Step 2: Apply the medication or treatment that your veterinarian has prescribed in the way described and explained to you by the physician. This may involve giving your cat pills or even injections.

Step 3: Check back with your veterinarian at the required time to take a look at the progress made and guarantee that treatment has been successful.

In general, it will usually take around four weeks for cat worm treatment to be finished and to have done its job properly. Afterward, preventative measures should be taken to avoid a repeat offense.

Important: No home remedies should ever be used throughout the process of treating a cat worm infestation. This is a medical condition, so go to the vet and seek proper assistance from a professional.

How to deal with cat worms in poop

If you notice that your cat has worms in its stool, then you have a clear and straightforward diagnosis already. Still, in such a case you need to take extra precautions and be especially careful that you yourself or any other people or animals in your household don't also get infected with these cunning parasites.

There are two things that need to be done if there are worms in your cat's stool:

  • First: Deal with the stool properly. You need to put on thick gloves and dispose of the stool as quickly and efficiently as possible without cross-contaminating anything. This means replacing all the cat litter each time your cat "goes to the bathroom" and making sure that none of it gets on your skin, clothes, or anywhere that another animal or person could be contaminated. Make sure that you wash your hands frequently and thoroughly afterward.
  • Second: Follow the steps above to seek proper medical attention for your cat and follow the treatment schedule set out by your veterinarian.

It's important to note that different kinds of worms can be very dangerous to young children and babies. In addition to dealing with your kitty, make sure to get your child regularly checked by a pediatrician if your cat gets worms so as to make sure that there is no parasite transmission.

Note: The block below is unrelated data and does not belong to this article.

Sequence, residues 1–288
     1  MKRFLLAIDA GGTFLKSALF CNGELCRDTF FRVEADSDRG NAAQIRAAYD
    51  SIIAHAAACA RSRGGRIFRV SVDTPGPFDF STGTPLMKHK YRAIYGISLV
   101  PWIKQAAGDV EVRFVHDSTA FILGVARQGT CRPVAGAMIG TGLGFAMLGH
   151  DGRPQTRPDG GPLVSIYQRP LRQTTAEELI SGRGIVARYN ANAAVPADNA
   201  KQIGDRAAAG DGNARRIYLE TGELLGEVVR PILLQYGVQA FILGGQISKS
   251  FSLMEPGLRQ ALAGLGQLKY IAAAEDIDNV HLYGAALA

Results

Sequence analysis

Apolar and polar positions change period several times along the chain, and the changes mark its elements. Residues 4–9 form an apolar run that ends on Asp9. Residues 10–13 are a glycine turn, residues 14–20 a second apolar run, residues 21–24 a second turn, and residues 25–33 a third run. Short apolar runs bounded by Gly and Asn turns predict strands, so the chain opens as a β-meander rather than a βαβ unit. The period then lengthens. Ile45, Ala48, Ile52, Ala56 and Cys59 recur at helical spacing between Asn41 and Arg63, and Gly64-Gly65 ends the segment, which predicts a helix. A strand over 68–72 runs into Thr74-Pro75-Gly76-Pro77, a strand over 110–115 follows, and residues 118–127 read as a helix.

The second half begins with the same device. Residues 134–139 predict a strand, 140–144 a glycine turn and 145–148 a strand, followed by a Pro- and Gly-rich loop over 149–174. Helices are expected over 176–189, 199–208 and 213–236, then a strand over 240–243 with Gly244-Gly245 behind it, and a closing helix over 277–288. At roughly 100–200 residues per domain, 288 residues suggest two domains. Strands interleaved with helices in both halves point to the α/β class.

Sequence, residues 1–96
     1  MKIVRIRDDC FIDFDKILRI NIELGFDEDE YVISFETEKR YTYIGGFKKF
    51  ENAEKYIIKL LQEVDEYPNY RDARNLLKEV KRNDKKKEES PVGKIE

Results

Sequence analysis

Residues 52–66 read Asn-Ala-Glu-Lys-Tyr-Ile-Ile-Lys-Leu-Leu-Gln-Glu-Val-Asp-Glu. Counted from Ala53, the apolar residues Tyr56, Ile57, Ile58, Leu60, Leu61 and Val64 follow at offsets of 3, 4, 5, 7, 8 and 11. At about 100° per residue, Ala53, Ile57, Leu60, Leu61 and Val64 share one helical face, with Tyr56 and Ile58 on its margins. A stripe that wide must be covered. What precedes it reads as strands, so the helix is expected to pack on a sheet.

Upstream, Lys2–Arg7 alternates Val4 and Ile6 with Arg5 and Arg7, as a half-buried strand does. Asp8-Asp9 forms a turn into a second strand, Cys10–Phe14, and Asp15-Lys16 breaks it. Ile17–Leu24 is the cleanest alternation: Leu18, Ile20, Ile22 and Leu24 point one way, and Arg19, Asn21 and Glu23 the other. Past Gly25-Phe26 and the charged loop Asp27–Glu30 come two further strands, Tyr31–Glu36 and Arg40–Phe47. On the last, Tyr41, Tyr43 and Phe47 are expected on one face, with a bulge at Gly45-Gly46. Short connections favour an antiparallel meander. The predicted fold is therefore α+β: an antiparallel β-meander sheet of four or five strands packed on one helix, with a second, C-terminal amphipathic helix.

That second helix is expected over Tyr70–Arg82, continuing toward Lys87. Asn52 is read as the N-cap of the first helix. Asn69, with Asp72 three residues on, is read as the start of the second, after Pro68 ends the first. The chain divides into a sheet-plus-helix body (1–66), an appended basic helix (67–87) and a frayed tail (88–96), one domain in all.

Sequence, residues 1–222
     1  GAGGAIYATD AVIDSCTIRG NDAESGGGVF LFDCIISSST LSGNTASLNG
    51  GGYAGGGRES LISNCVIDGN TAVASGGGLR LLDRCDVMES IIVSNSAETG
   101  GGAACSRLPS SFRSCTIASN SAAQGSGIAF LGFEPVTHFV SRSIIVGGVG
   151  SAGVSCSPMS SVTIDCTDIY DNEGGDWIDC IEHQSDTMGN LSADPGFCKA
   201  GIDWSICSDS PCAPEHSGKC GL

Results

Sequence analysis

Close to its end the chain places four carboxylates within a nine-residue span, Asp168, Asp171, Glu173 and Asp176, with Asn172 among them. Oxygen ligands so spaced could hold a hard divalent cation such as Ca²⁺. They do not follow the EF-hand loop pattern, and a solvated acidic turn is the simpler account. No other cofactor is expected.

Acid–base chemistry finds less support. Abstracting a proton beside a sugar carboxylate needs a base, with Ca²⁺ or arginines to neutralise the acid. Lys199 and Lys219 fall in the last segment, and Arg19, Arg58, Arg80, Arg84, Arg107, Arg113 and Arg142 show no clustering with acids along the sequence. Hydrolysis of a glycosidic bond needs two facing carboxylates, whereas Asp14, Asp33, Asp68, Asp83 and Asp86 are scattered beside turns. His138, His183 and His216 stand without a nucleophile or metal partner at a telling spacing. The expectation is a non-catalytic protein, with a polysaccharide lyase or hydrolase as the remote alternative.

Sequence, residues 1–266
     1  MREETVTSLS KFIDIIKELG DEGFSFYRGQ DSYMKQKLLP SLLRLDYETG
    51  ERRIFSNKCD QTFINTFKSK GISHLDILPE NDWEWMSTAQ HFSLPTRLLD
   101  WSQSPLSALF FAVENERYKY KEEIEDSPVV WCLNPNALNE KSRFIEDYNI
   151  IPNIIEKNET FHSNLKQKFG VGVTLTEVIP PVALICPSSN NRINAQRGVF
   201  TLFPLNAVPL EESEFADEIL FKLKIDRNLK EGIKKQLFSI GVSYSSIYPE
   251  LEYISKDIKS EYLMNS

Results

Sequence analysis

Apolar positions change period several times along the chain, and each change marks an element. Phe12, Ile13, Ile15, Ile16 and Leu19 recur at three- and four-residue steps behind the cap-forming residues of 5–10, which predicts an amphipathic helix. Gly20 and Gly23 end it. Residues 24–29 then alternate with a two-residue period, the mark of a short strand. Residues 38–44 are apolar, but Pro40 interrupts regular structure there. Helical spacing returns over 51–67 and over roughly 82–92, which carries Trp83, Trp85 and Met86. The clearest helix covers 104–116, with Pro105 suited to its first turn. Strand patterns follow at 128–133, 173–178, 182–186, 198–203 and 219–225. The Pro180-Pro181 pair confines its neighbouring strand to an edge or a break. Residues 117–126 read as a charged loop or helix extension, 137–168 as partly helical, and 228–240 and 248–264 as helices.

Cat worms in stool are incredibly disgusting, but they need to be dealt with seriously. Make sure that they are sealed well in plastic bags and put directly into your outside garbage cans.

Cat dewormer for all worms

Cat dewormer works very well and is exceedingly cost effective.
Cat dewormer works very well and is exceedingly cost effective.  © 123RF/Garnazarina

There are many different kinds of cat dewormer, but they are all extremely effective and worth the price. Mostly applied onto the back of the neck in a serum that also includes medications that fight back against fleas, ticks, and other nasties, you will generally apply the dewormer once a month.

It is the perfect preventative measure as it allows your cat to go about its business without being a target for worms and other creatures that might spell unpleasantness. Keep in mind, though, that this is not a get-out-of-jail-free card and it is still possible (though highly unlikely) for your cat to be infected with worms if these measures are taken.

It can be very difficult to apply the serum if you are inexperienced but, to be honest, after the first few times both you and your cat will get used to the process.

For your information: Don't just buy a random dewormer – make sure to go to the veterinarian first and get a prescription for a good-quality dewormer endorsed by a medical professional that is certain to be safe for your fluffy little friend.

My cat has worms, should I be worried?

While worms are some of the most unpleasant and irritating invaders, they are not worth freaking out about. You should act quickly and decisively to get rid of them and treat your cat but don't worry about any serious long-term problems. If you react fast, then you have nothing to worry about.

Of course, your cat is going to be very unhappy before the medicine fully kicks in, but with the right medically prescribed treatment it will be a relatively short convalescence and your pet will get over their worms relatively quickly.

Cover photo: 123RF/Thodonal